Very clearly, each composite indicator supposedly measuring the same, or similar, phenomena, provides a different outlook of labour market regulations. Thus, the policy advice you are going to give depends – and can be manipulated by – the choice of the indicator on which this advice will be based.

What are the problems with indicators and rankings?

There are several reasons why three composite indicators that we compared give such a different outlook of labour regulations.

To start with, despite intending to measure seemingly the same labour market regulatory environment, these indicators include different baseline components. The data on some of these components are collected by the think-tanks producing each index, and the data on some others come from external sources, sometimes with important time lags. Nevertheless, there is a significant overlap between baseline components of the three composite indicators. They all use, partly or fully, World Bank Employing Workers sub- indicators that used to be part of the World Bank Doing Business indicators. The problem, however, is that Fraser, WEF, and IMD use those World Bank Employing Workers sub- indicators that they like, without justification of the choice, and in addition, from one year to another, they change the components they pick. The lack of the theoretical background or sound analytical approach for the choice of specific components compromises the indicators’ comprehensiveness.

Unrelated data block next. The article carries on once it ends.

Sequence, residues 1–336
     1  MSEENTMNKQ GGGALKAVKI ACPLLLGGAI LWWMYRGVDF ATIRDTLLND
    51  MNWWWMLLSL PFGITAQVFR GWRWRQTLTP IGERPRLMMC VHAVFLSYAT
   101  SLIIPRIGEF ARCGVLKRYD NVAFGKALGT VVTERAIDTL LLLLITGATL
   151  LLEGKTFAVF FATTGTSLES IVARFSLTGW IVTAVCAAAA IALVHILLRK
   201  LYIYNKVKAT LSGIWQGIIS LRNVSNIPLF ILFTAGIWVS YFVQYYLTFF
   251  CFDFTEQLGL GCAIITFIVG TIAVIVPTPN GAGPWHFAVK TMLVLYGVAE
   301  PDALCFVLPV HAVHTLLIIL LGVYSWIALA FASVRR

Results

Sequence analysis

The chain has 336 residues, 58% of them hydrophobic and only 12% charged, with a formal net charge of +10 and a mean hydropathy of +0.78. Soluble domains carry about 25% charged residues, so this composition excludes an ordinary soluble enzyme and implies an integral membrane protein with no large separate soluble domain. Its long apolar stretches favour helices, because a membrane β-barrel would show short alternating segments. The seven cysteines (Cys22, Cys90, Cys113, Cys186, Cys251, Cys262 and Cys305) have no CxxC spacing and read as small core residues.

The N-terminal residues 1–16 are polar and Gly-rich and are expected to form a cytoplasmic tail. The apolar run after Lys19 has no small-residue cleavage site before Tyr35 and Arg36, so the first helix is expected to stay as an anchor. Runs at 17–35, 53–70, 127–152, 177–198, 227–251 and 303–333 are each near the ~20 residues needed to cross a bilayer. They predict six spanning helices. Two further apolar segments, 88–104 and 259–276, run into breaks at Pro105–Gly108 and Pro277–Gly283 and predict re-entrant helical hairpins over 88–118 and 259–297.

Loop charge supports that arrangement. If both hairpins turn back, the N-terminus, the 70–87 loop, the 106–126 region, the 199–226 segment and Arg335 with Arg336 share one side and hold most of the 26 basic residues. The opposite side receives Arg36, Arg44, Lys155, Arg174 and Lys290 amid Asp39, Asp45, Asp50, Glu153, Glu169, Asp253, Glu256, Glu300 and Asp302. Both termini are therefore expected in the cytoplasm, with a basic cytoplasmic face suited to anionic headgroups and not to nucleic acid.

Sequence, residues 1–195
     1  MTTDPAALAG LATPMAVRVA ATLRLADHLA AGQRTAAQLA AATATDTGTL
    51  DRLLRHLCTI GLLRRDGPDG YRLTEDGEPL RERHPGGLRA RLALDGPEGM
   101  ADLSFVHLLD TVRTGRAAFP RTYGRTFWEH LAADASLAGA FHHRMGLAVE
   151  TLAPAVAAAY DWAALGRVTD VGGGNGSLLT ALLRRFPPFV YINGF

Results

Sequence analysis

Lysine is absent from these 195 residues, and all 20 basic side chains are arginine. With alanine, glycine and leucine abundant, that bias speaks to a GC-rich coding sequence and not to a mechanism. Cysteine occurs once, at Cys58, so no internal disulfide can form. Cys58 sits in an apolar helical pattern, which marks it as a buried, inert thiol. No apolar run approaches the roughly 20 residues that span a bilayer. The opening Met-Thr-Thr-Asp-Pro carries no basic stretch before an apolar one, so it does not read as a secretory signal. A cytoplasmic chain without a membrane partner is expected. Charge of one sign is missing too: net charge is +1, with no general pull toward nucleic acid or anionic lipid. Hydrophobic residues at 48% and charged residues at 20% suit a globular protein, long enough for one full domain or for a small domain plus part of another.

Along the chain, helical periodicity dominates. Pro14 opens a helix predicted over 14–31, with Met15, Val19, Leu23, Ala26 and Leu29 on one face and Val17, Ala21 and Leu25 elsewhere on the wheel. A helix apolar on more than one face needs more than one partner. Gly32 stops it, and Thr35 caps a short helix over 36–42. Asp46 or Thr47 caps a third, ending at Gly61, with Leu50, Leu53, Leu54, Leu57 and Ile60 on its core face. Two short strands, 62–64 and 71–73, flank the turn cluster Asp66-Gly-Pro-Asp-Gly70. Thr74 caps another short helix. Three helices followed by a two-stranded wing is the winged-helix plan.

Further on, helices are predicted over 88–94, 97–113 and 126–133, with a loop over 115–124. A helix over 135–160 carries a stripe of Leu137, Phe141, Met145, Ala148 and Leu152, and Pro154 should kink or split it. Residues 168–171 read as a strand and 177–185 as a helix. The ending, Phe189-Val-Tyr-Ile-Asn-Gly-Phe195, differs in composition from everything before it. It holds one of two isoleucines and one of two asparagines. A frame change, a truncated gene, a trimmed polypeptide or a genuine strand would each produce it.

All three composite indicators contain subcomponents based on opinion surveys. Such questions can only be valuable when they are properly phrased, but this is not always the case. For example, the IMD Labor relations question asks: “Labor regulations (hiring and firing practices, minimum wages etc.) … 1 = are not flexible enough, 6 = are flexible enough”. The questions seems to cover too many issues which may be contradictory: some countries may have flexible firing and hiring practices but inflexible minimum wages, either in their level, setting, or degree of formality. It is thus not clear what aspect of labour regulations the response actually reflects. In addition, the opinion surveys are conducted only among businesses, but not workers, labour lawyers, labour researchers, or civil society, thus potentially biasing the responses towards one group of the society. Moreover, even within surveyed firms, there are important doubts that the firms and the personnel that answered the questions are representative. For example, IMD surveys are conducted mainly among international companies, and among IMD alumni. However, firms with an international exposure usually have labour practices different from the rest of the economy; they cover mostly formal sector; and the business executives of such companies – especially non-nationals – may have their own priors as to the functioning of labour markets. Thus, there are doubts that rankings based on opinion surveys are complete and representative.